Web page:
What item of clothing could you not live without?
A couple of years ago I bought a John Simons winter overcoat. It’s a dark green herringbone, made from Donegal Tweed, with a green satin lining. I love it!
What is your number one style tip for the readers at home?
Oh, I very much doubt your readers will be needing any style tips from me. I just try to keep it simple, maintain standards and enjoy the ride!
Do you have a sartorial hero?
Paul Weller, Mark Baxter and Dave Rosen are very dear friends of mine. Mark and Dave have both previously been featured in your ‘Customer Spotlight’ section and Mr Weller needs no introduction. Three very stylish men indeed who love their clothes, take them seriously and pay keen attention to detail and reverence for the history and heritage of a particular item. I could listen to those three chatting about the joy of clothing, or culture, together all day long. They love it and it’s infectious! Those three have been a big influence on me over the years. Robert Elms is also a very dapper fellow and Steve Cradock and Martin Freeman are two more friends with very high standards. I had the honour of meeting Nick Lowe recently. We had a coffee together on Chiltern Street opposite the shop. Not only an incredible songsmith and a lovely man, but also a very sharp dresser too.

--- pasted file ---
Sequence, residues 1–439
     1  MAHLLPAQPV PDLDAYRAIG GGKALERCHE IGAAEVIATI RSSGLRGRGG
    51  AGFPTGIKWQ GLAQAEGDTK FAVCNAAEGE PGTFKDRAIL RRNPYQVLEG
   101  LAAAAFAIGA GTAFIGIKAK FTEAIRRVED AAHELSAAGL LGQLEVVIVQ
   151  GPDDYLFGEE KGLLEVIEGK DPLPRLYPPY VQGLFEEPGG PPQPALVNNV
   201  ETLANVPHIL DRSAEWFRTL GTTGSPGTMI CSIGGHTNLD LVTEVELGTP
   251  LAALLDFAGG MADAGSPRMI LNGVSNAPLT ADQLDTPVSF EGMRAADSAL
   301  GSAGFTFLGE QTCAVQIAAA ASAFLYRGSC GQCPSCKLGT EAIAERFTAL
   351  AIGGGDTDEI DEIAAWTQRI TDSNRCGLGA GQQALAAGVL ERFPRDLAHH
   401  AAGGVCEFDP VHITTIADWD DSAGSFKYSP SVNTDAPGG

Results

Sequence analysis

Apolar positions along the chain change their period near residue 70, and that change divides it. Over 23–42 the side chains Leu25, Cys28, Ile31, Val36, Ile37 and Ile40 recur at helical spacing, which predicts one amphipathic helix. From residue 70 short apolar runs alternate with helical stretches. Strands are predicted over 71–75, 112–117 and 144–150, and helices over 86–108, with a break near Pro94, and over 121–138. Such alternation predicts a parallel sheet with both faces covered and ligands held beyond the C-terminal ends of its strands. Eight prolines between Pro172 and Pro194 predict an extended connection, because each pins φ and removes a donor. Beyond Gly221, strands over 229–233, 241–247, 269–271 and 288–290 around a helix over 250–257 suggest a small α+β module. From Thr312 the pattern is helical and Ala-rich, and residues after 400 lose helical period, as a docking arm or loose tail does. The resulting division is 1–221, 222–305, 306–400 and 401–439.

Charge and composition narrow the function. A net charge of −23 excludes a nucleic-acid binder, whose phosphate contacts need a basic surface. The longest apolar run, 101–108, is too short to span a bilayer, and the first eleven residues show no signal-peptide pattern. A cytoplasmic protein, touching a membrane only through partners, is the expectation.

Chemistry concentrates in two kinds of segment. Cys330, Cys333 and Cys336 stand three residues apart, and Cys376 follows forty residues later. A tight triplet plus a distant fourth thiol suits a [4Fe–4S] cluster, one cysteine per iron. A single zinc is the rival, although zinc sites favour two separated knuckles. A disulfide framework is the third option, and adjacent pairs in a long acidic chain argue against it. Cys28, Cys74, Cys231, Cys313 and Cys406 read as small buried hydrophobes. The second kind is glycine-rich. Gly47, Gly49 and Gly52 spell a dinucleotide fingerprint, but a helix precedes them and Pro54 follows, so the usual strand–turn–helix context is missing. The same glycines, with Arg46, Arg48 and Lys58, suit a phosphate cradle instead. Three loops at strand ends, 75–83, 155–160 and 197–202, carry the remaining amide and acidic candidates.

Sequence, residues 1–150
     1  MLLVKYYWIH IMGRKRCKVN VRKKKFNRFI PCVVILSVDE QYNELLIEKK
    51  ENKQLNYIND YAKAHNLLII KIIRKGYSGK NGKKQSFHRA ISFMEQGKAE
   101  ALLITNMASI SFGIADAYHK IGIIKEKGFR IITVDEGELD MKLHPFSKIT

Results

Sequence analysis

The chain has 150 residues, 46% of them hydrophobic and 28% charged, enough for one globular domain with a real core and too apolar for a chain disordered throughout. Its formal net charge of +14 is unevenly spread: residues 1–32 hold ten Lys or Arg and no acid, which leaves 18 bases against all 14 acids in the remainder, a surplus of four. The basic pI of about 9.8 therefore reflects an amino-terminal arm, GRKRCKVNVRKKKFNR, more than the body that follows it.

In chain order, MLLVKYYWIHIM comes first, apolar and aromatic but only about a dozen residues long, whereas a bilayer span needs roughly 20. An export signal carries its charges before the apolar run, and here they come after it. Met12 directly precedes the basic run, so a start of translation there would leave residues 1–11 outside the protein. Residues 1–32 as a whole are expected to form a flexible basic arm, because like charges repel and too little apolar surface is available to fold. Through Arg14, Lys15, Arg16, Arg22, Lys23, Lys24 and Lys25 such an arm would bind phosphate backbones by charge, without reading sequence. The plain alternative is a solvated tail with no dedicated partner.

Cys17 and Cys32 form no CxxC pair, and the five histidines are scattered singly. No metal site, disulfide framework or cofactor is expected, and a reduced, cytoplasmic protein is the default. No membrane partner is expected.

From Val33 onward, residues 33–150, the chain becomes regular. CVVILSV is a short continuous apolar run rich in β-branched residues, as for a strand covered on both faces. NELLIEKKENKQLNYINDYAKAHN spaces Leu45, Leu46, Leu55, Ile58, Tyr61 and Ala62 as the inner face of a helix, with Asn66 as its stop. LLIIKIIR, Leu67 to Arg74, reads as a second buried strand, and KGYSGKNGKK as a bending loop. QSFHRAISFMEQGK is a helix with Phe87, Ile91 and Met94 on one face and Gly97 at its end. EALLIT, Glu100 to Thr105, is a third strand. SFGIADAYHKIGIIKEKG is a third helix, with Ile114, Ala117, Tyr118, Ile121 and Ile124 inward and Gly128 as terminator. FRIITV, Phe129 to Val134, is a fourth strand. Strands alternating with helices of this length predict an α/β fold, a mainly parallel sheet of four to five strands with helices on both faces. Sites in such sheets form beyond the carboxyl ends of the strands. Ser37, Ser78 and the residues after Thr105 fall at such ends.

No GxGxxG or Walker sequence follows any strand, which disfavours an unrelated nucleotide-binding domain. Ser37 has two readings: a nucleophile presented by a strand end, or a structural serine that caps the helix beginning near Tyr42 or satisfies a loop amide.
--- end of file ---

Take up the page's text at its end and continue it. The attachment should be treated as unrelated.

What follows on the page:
If you could choose to attend a concert from any artist, dead or alive, who would it be and what would you wear?
I was at the Sir Peter Blake 90th birthday concert at The Royal Festival Hall a little while back and the line-up was dreamlike: Chrissie Hinde, Madness, Noel Gallagher, Paul Weller and The Who. For so many reasons it was just an unforgettable night and in truth, I don’t know if I’ll ever top that one. My fantasy concert, however, would be Nina Simone live at Ronnie Scott’s. There’s footage of Nina performing the song ‘Stars’ live at The Montreux Jazz Festival, and it is breath taking to watch! It’d be electrifying to witness that level of performance in an intimate venue like Ronnie Scott’s. I’d be relaxed but suited out of respect for the occasion. I have a nice dark brown, needle cord bespoke two-piece suit that was made for me by my friend Tom Arena. I’d wear that with a charcoal grey cashmere polo neck, brown Cheaney brogues and my favourite red, paisley Nicholson and Walcott pocket-chief.
Do you feel that your profession has impacted your style? Or do you feel as if your sense of style has impacted your choice of profession?
Oh, in all honesty I don’t think there was too much style going on when I first walked into my local acting classes. I was young, skint, and full of self-centred anger and frustration at the world. I was probably wearing a tatty t-shirt with ‘Piss Off’ written across the front! I think acting and storytelling became a vehicle for me. Through the exploration and portrayal of others I slowly began to discover myself. There’s something very cathartic about expressing yourself honestly in that way and as my understanding of who I was and what I stood for began to evolve and grow, then so did my expression of that towards the outside world, in all sorts of ways, I imagine, including my wardrobe.